As a mature business that sells consumer staples like tissues and diapers, Kimberly-Clark (NYSE:KMB) isn't known for announcing head-turning sales and profit growth. Instead, investors count on its portfolio of global franchises like Kleenex and Huggies to produce steady gains that translate into market-beating cash returns through dividends and stock repurchases.
Yet its recent growth results have been slow even by its own modest standards. Sales gains started off weak in fiscal 2017 and only got worse from there to put the company on pace for a flat revenue outing this year.
Below, we'll look at Kimberly-Clark's prospects ahead as it prepares to close the books on the year with its fourth-quarter report on Tuesday, Jan. 23.
Flat sales and tiny profit gains
Wall Street is projecting a 1% revenue uptick to $4.6 billion. Organic sales should rise by about the same amount to conclude what's been a difficult year for the business.
CEO Thomas Falk and his team entered 2017 predicting a painful growth slowdown to 2% from 5% in 2016. However, after missing expectations in each of the first two quarters of the year, that forecast trickled down to a target of essentially flat sales.
Kimberly-Clark isn't alone in this challenge. Peers including Procter & Gamble and Unilever (NYSE:UL) have blamed an industry slowdown for hurting their businesses in recent months. Yet these rivals haven't been forced to reduce their growth outlook and are still expanding at a steady pace.
That's mainly because, unlike P&G and Unilever, Kimberly-Clark is highly reliant on the U.S. geography and so it can't benefit as much from stronger gains in emerging markets. The international segment expanded by 3% last quarter, for example, but weak results in North America led to flat overall organic sales.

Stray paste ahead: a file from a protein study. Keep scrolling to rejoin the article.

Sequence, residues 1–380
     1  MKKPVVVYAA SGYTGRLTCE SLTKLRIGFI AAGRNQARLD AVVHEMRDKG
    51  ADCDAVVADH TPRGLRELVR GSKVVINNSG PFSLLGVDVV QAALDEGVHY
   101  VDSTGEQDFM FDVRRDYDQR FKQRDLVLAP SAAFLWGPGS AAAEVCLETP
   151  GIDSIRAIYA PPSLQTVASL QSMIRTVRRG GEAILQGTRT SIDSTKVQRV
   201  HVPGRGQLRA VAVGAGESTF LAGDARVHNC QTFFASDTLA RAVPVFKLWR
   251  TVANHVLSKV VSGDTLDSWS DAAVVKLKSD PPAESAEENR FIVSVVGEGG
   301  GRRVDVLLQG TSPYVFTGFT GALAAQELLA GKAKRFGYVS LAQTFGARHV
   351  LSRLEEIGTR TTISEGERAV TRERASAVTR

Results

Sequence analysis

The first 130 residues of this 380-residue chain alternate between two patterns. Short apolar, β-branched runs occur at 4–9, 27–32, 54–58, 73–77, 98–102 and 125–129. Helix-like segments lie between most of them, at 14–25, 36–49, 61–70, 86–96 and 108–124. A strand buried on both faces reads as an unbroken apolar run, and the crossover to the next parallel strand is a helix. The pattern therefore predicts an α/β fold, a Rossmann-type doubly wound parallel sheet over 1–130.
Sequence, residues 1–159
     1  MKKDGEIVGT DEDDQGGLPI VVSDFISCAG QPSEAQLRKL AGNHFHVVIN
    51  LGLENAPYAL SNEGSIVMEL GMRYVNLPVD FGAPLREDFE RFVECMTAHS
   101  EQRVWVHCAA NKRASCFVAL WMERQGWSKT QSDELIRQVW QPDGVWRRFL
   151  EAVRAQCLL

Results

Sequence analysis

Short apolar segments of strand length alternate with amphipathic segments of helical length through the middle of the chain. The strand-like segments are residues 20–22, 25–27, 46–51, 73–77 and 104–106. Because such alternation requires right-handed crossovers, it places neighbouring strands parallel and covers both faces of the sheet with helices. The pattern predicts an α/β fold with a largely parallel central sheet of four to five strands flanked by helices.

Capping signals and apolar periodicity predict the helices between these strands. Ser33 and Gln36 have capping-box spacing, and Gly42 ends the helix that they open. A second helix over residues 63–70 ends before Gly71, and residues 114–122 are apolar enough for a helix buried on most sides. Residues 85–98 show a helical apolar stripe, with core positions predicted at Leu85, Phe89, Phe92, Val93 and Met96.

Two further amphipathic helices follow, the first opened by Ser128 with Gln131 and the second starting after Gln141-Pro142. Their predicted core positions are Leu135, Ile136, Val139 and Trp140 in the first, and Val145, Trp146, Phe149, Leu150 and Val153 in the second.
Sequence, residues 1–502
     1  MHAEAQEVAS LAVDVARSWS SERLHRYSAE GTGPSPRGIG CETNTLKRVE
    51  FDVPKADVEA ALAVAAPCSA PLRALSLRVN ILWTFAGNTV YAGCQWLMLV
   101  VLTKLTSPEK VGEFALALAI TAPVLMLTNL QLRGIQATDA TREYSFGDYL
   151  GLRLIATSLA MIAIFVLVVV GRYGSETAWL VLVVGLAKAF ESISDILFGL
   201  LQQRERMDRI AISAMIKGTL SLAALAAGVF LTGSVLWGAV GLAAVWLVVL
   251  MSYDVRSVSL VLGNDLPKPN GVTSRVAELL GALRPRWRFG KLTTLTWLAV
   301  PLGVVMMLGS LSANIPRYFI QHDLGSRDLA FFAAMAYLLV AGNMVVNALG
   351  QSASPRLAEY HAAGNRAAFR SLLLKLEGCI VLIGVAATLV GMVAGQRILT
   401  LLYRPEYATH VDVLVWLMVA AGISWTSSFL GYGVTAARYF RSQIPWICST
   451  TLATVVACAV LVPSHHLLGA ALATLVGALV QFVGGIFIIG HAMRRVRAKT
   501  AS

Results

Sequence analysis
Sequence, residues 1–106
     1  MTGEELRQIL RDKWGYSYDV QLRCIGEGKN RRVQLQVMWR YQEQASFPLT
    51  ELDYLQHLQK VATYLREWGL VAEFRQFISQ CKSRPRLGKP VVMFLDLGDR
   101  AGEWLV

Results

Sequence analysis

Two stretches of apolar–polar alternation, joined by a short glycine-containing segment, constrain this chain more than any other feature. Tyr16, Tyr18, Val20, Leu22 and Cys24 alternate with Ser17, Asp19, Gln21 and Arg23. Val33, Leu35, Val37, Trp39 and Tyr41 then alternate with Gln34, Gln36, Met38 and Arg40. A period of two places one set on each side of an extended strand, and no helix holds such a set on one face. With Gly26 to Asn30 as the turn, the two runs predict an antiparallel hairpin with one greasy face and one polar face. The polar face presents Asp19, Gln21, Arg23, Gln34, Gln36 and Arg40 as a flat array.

On the bright side, Kimberly-Clark is running ahead of management's cost-cutting goals. The consumer products giant is on pace to slice over $400 million out of its expense infrastructure this year, in fact. That success was the main reason why earnings rose last quarter even though sales didn't budge.
That's why investors can expect Falk and his team to highlight their savings initiatives, and the profit growth they're protecting, even if the company announces another quarter of sluggish revenue gains on Tuesday. Earnings should weigh in at about $1.55 per share to lift full-year results to $6.20 per share, or 4% above the prior year's haul.
A new path forward?
Investors will be especially interested in Kimberly-Clark's outlook for 2018 given that revenue gains have decelerated for two consecutive years and are now in danger of slipping into negative territory. A weak outlook would imply further market-share losses and add pressure on the management team to consider aggressive strategic moves aimed at getting its expansion pace back on track.
After all, Procter & Gamble recently finished removing a large chunk (100 of its 166-brand collection) of weaker brands from its portfolio while at the same time dramatically lowering its cost profile. Unilever has been busy slashing costs, too, while making several large acquisitions, including Dollar Shave Club.
Kimberly-Clark hasn't hinted at any strategic moves like that in recent years. But management's tone might need to change as it looks ahead to what could be its third straight year of sluggish sales growth.